But, as anyone who’s ever watched The Apprentice before can tell you, looks can be deceiving. Just because someone’s in a dapper suit with a shiny Rolex on their wrist doesn’t mean that they’re the bee’s knees. A lot of them turn out to be incompetent chancers.

‘Cos beneath the appearance of professionalism, hidden, tucked away in the terms and conditions, they sneak in little clauses. These are what you need to look out for.

Executor Clause

An Executor is the person who manages and distributes your assets once you’ve died. They sort out all your affairs and make sure your estate goes to whoever you’ve named in your Will. Normally your Executor is a friend or family member.

But here’s what these sneaky so-and-sos do. They slip a clause into the terms and conditions that mean that they act as your Executor (or maybe even Trustee), and then charge you fees for doing so. Although you don’t pay much for the Will, you could end up losing a lot of money to these fees. And do you think a friend or family member would charge you for doing it? Not a chance. And they’d be a lot more likely to act in your best interests.

As Executor, they can’t make changes to your Will, so don’t worry about that. All your assets will be distributed however you’ve instructed. What they can do, however, is charge you a pretty extortionate fee for their trouble – and that means your beneficiaries don’t inherit as much as they should.

You could lose thousands, and there’s no way to regulate it or get it back. You’ve signed up to it, in the terms and conditions of these supposedly ‘low cost’ Wills. Once someone’s named as your Executor, you’ll need to write a new Will to change it. That’s just a massive waste of your time and money.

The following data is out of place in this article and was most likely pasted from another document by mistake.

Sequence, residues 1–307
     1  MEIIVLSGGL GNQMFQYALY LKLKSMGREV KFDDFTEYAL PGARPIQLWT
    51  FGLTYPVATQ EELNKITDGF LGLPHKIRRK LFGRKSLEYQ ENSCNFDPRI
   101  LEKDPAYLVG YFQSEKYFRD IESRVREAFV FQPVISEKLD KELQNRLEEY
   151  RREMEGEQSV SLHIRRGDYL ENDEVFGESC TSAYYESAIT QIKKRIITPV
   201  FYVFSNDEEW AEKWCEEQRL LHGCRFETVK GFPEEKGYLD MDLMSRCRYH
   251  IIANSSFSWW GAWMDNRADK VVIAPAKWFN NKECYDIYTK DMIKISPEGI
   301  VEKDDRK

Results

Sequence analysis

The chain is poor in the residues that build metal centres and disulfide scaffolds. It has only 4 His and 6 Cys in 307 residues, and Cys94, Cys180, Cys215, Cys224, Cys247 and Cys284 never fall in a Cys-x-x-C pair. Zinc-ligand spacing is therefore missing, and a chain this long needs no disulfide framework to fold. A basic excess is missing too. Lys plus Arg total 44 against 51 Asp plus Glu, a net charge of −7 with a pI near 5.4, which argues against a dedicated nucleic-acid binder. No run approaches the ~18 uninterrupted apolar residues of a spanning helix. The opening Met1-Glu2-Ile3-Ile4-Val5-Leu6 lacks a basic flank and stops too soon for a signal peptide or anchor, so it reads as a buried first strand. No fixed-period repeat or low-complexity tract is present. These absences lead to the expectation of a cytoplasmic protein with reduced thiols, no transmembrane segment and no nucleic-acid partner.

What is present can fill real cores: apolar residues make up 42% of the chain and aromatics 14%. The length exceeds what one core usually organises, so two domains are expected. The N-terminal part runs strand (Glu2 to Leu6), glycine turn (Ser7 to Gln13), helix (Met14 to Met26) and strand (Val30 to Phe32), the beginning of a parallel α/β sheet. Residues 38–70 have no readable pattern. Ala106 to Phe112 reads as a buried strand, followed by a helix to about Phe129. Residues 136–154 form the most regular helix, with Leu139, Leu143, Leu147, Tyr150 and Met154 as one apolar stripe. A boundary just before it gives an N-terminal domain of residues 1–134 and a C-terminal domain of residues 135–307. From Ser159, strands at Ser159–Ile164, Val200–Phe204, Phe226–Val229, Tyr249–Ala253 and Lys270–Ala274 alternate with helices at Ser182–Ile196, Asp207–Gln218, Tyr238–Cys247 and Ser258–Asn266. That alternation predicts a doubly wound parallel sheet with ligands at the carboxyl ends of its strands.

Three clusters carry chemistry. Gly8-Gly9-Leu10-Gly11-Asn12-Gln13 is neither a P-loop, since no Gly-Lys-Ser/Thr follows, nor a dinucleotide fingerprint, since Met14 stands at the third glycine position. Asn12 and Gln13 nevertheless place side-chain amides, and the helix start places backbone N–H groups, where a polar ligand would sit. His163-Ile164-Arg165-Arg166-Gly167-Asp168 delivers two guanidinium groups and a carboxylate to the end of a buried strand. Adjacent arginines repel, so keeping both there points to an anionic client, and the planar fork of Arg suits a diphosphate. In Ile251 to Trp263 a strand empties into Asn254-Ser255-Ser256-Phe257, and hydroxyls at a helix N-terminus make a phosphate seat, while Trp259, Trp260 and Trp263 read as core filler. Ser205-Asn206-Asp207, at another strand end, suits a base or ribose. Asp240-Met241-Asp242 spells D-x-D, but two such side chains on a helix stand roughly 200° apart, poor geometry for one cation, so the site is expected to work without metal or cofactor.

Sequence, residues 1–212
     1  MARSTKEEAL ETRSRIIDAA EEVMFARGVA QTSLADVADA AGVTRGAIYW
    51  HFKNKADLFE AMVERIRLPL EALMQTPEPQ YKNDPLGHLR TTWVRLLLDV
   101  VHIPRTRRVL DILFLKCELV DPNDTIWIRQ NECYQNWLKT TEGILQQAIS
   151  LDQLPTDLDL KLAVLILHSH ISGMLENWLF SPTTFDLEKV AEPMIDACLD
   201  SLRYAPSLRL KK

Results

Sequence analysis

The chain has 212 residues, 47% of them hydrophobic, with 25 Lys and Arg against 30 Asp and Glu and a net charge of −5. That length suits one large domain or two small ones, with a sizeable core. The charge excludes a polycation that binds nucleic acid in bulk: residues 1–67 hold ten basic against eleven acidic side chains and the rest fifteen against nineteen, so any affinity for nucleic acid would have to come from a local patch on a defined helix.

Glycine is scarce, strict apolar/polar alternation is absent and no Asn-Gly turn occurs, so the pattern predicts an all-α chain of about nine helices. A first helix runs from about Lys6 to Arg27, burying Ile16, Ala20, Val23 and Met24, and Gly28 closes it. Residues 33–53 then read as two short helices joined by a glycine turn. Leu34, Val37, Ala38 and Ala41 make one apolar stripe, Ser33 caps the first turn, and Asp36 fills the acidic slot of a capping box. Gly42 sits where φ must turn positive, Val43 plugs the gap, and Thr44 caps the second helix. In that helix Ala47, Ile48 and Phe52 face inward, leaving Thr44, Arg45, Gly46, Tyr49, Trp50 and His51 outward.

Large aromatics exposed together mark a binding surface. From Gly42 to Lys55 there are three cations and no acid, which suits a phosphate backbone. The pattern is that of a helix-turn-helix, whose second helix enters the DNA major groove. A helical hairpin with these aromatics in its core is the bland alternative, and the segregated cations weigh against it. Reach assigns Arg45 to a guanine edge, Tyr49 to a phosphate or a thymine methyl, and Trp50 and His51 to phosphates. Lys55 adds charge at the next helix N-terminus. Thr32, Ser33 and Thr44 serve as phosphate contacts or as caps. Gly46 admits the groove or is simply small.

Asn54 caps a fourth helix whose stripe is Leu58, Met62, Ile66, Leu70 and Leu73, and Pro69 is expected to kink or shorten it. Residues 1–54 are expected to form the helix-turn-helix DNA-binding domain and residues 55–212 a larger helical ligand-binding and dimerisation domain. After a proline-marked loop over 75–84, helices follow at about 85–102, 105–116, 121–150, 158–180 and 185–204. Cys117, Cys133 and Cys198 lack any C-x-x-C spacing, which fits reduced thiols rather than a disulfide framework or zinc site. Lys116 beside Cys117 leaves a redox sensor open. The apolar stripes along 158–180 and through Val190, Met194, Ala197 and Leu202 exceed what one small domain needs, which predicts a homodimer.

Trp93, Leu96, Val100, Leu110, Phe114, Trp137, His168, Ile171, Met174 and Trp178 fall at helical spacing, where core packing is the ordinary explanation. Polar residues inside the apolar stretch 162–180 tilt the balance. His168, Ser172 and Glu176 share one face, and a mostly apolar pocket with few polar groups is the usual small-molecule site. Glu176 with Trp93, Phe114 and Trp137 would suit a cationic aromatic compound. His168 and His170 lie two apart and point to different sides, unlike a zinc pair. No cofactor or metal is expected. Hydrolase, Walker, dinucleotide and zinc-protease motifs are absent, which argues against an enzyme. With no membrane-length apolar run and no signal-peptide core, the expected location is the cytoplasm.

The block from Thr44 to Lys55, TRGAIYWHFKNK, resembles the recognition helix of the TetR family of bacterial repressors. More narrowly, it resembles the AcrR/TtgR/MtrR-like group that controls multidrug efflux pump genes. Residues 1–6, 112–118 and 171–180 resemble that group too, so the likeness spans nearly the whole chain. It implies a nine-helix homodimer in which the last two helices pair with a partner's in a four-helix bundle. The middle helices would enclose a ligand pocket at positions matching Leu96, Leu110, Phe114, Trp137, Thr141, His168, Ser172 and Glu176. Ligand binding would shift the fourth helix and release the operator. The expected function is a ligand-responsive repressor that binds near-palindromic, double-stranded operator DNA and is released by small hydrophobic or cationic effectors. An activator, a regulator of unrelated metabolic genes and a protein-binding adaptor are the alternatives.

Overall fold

Percentage of your estate

This technique has all the subtlety of a double-barrelled shotgun, but some companies do try it. They straight up just add clauses saying that upon your death, they’ll receive a small portion of your estate.

Obviously you don’t want that to happen. Who would? Even if it’s like, 1 or 2% then that’s still probably going to cost you a lot more than a normal Will (the average is about 4%). These are meant to be ‘low cost’ Wills, and although you might pay a pittance for ’em, your beneficiaries end up paying the price when they lose out on a chunk of your estate that’s gone to these cheeky little swindlers.

How to avoid them

Always make sure you’re using a reputable company and that all your needs are met. Checking that they’re a member of The Society of Will Writers is a good start – that’s a self-regulated body that ensures customers are protected. Martin Lewis says it’s legit, so… you know. It must be legit. If it’s Free Wills Month, make sure you’re using a legitimate charity that’s signed up to the scheme.

Always make sure you go through all the reviews of any company you’re using. Speak to people you know and trust – see who they used to get their Will. Trust word of mouth reviews over online ones. And, most importantly of all, always go through the terms and conditions with a fine-tooth comb. Go through them at least twice, maybe even thrice if you’re feeling particularly thorough. You can never be too careful.

Look. At Vital Documents, we care. We just want to give you the information you need so you can go out and make an informed choice about your Will. We don’t want anyone to get ripped off. Believe it or not, we’re not too bothered about who you get a Will with, as long as it’s a legitimate company and you’re getting a good service. Look into Free Wills Month and see if it’s appropriate for your situation.

Think about your options, and take your time doing it. Don’t just rush headlong into the first cheap and easy Will you see because it’s easy. It might end up leaving your nearest and dearest out of pocket when you die, and no one wants that.

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Declan Ramsden
Declan Ramsden

Declan is a Content Creator at Vital Documents! He studied English Literature for 4 years before joining the company. Outside of work, he enjoys listening to retro music and reading classic novels – particularly Charles Dickens!